What informs a firm’s Attractiveness as an Alliance Partner? The development of a survey instrument.

Pari, Millie 2023. What informs a firm’s Attractiveness as an Alliance Partner? The development of a survey instrument. PhD thesis University of Westminster Management and Marketing https://doi.org/10.34737/w19w0

TitleWhat informs a firm’s Attractiveness as an Alliance Partner? The development of a survey instrument.
TypePhD thesis
AuthorsPari, Millie

Strategic alliances are defined as inter-organisational collaborative arrangements whose purpose is to achieve the strategic targets of partners (Das and Teng, 1998). Within the pharmaceutical industry, they represent a key form of disintegration that enables organisations to create a network based on partnerships, whereby the overarching goal is to pursue a set of agreed-upon goals, in which they share the benefits (Chen and Chen, 2002). Despite the high prevalence of strategic alliances within this industry, only 50% are considered stable or achieve performance perceived by the partners as satisfactory (McCutchen et al., 2008) and up to 70% terminate early (Kogut, 1989; Park and Russo, 1996; Park and Ungson, 1997). Nevertheless, 85% of the senior executives still believe alliances are and will continue to be essential or important to their business (Powerlinx, 2014), and as such have invested significantly in becoming attractive alliance partners, or partner of choice. Further, both conceptual and empirical evidence has signaled that a partner’s attractiveness can have significant contribution to the success of the alliance itself (Coombs and Deeds, 2000; Lee, 2007).

Despite this evidence, there is no validated approach for a firm to test how attractive they are perceived to be by prospective partners. Without this, a firm is not able to tangibly understand what their perceived strengths and weaknesses are, and how these evolve over time. The purpose of this research is to address this gap. Further, the research aims to understand the impact of firm’s Alliance Strategy on their attractiveness scores.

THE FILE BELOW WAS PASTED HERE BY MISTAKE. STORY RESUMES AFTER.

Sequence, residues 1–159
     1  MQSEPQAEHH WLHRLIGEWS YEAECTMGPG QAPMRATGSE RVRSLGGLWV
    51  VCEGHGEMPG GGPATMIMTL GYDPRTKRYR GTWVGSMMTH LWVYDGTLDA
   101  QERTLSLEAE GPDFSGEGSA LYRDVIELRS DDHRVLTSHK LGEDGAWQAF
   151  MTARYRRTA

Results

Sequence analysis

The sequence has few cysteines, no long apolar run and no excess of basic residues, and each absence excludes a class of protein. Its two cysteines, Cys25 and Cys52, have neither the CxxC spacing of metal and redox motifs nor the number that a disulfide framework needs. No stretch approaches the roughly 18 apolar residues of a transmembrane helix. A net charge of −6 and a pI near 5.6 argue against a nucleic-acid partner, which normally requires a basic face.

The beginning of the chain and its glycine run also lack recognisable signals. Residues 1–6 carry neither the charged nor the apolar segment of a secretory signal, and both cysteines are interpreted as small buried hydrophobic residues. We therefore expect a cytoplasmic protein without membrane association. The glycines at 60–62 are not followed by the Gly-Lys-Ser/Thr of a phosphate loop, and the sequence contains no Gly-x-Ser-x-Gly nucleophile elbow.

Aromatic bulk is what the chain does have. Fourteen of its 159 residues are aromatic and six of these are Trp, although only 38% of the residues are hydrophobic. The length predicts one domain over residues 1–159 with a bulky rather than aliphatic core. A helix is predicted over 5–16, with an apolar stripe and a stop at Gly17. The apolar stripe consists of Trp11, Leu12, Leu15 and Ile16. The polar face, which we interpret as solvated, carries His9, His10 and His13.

As such, this research makes three overarching and significant contributions; (1) the identification of two key antecedents of a firm’s Attractiveness as an Alliance Partner (2) the development of a self-assessment questionnaire for a firm to use in order to quantify their attractiveness, and (3) the development of research propositions for how an Alliance Strategy moderates the relationship between Attractiveness and its antecedents.

This research applies Network Theory, which, in its most simple terms, refers to a firm’s relationships with others that have important and desired resources (Ireland et al., 2002). Networks promote alliance formation and firm success through ‘social capital’, described as the benefits a firm derives from their relationships (Coleman, 1988). Social capital increases in alliances with greater diversity within their networks (Baker, 2000) and with the quality of the alliances themselves (Glaister and Buckley, 1999). As such, this theory plays a key part in explaining the identified antecedents of Attractiveness - Previous Alliance Performance and Alliance Portfolio Diversity. In turn, this research extends Network Theory in two ways. Firstly, by introducing the novel concept of Attractiveness as an Alliance Partner as an indicator of a firm’s success or performance. Secondly, by introducing the novel concept of an Alliance Strategy as an important condition that will moderate a firm’s attractiveness.

A mixed method approach has been used, comprising of four Empirical Studies in order to develop and finalise the research propositions and questionnaire. This research has been conducted within and for the pharmaceutical industry specifically but can be applied to other industries.

File Access Level
Open (open metadata and files)
ProjectWhat informs a firm’s Attractiveness as an Alliance Partner? The development of a survey instrument.
PublisherUniversity of Westminster
Publication dates
PublishedJan 2023
Digital Object Identifier (DOI)https://doi.org/10.34737/w19w0

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